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Photo: Monika Rittershaus


A hellishly vicious plot, staged with a sea of actors, a stellar cast of international soloists and a sublimely well-performing orchestra led by chief conductor Paolo Carignani.

That’s what the Zurich Opera treated its audience to on this rainy Saturday in September, the day before the long-awaited premiere of Valkyrie. Who says you can’t have several balls in the air at once?

This is yet another mark of the excellence of Opernhaus Zürich under the artistic direction of Andreas Homoki.

This version of Il Trovatore, The Troubadour, is not, for the sake of variety, in Homoki’s own staging.

Despite several popular hit arias, The Troubadour is ‘only’ the world’s 23rd most performed opera. In any case, the work is part of the show of power Verdi put on when he composed Rigoletto, The Troubadour and La Traviata within two years.

The staging is in the hands of British Adele Thomas, a new star in the opera sky, and one we will certainly be hearing more of.

The young director rose to fame only a few years ago when she staged sensational productions of Così Fan Tutte in Belfast and Handel’s Berenice at the Royal Opera House in London.

A nomination for the Laurence Olivier Award broke through – and Homoki gave her a chance he has hardly regretted.

The result is thoroughly entertaining costume theatre with a host of performers in colorful tableaux, played out on a giant staircase set with a host of hidden hatches that flap open and shut, letting new performers in and out.

The humiliating story is basically about two men fighting over the same woman.

The prelude is a diabolical witch’s tale in which an innocent gypsy woman is burned at the stake, suspected of being responsible for the infant duke’s fever.

Through the flames, she implores her loving but powerless daughter and commands her to avenge the injustice.

The daughter now abducts the boy in order to burn him alive, thus giving back from the same drawer. But this is where things go wrong. In the confusion she  throws his own son into the flames.

The duke’s family finds the burnt remains of the baby’s skeleton in the embers and assumes the son has met his grisly fate.

In reality, it is now the gypsy daughter who raises the duke’s son as her own.

The secret remains intact. The interacting boy grows up and, as the Black Knight, soon becomes the leader of a local rebel movement aimed at overthrowing the Duke. At the same time, he ghostly haunts the night disguised as a troubadour, serenading the court lady Leonora, whom he has met at a tournament.

Never does he realise that the Duke on the throne is in fact his brother.

And to make sure it will end in disaster, they both fall in love with the same beautiful maiden – Leonora.

In the finale, the gypsy daughter manages to play a trick, so the duke ends up chopping off the head of the now captured rebel leader.

Only then, does the gypsy daughter let the duke know that he has just executed his own, much-loved, and forever-missing brother.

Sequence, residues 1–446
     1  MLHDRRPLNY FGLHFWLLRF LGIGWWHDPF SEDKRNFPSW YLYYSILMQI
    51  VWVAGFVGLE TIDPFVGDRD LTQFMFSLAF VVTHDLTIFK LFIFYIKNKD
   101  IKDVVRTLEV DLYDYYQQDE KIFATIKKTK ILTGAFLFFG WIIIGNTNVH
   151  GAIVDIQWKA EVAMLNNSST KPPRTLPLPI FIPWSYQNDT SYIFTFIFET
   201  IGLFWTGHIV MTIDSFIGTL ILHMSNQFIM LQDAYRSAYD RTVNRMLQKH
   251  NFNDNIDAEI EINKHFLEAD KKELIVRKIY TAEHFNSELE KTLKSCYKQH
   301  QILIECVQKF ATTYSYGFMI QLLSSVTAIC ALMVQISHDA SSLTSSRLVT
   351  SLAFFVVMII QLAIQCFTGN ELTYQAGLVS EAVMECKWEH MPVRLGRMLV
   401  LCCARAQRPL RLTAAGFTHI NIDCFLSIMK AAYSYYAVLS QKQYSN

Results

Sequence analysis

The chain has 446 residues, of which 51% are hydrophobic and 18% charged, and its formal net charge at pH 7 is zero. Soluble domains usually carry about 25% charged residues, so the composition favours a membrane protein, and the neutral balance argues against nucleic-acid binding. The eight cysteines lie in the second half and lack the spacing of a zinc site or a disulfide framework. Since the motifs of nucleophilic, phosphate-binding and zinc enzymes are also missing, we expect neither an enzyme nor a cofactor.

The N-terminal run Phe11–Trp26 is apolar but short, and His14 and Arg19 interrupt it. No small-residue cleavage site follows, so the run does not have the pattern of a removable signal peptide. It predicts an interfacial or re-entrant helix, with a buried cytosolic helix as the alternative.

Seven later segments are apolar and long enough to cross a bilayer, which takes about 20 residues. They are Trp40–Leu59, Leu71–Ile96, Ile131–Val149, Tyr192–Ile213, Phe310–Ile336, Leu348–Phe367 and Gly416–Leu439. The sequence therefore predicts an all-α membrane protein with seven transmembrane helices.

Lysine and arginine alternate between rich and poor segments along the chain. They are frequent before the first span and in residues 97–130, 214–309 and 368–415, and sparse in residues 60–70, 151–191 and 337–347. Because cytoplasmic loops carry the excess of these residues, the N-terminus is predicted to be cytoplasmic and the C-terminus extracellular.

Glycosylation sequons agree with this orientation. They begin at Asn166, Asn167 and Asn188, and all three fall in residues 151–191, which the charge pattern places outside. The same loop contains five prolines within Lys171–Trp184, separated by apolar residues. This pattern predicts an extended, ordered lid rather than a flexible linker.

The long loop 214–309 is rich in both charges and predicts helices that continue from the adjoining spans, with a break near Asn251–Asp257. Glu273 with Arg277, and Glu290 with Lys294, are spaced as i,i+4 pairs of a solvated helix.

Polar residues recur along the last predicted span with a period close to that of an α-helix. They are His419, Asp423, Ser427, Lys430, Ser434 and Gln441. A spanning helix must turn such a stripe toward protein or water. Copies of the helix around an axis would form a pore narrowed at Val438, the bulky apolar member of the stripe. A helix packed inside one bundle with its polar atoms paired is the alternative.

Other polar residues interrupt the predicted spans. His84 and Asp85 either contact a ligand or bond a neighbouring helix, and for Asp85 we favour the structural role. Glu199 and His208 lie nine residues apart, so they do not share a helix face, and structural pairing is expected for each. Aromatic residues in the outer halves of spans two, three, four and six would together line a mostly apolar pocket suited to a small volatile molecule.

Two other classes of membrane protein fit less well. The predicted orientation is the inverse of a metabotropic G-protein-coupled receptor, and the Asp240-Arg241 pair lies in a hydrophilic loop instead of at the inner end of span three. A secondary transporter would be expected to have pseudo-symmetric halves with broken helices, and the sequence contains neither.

The diabolical gypsy revenge is complete when the duke collapses with his brother’s severed head dangling from his fist in the bloody curls.

Hilarious on the edge of tabloid, but you have to admit, it’s an act with spirit.

Adele Thomas has given the tragic story a fast-paced twist that radiates with celebration and comedy.

Many of the characters are whitewashed over the slightly naïve 15th-century purgatory look found in Hieronymus Bosch’s corny paintings of heaven, doom and hell. 

Naked, terrified sinners are chased across the canvas by hideous devils with reptilian bodies and horns on their foreheads. The picture The Garden of Earthly Delights, a triptych (three-length painting) measuring almost 2 x 4 metres, is at Prada in Madrid and is a stunning sight.

Adele Thomas insists that comedy is part of the tragedy.

In this highly watchable production, she puts full force behind the point of view and comes up with a Troubadour that is certainly worth the journey.


You’re a decent human being and have just enjoyed a drink or two in the hotel bar after arriving late at your hotel.

I myself usually stay at the relaxed Hotel Europa 100 metres from the opera.

The next morning you get up fresh and stroll to the Kunsthaus Zürich, 10 minutes away.

The museum seems wealthy and has some nice permanent exhibitions of modern art + the normal museum selection of French Impressionists and Dutch masters. In particular, a digital venture called Digital Lab is worth a look. 

After the museum which is done in a good hour including good coffee in the cafe, you sprinkle down to the lake and hop on a Kleine Seerundfart.

Comfortable turbo boats ensure fresh air and pretty sightseeing in just under an hour and a half. Sit inside or outside with the option of refreshments.

Lunch is recommended immediately afterwards at my favorite place Bindella, where of course you have booked well in advance.

Bindella is a lively, busy Italian restaurant in the old town with small winding streets and a lovely atmosphere. It has a high end feel a la FIAT and Victor and is a great place to have a good time.

For something a little more refined, head for Conti, owned by the same family and 10 minutes away.

Shopping on the world-famous Bahnhofstrasse is for the serious affluent with a penchant for Gucci and similar top brands.

After the evening’s performance, Brasserie Schiller is open on the corner opposite the opera. With its traditional brasserie cuisine and good service, it’s an excellent place for a quick late-night snack and reflection on the theatre experience.

The trip out to the airport takes 20 minutes by taxi the next morning. Easy, simple and with a short flight back to CPH.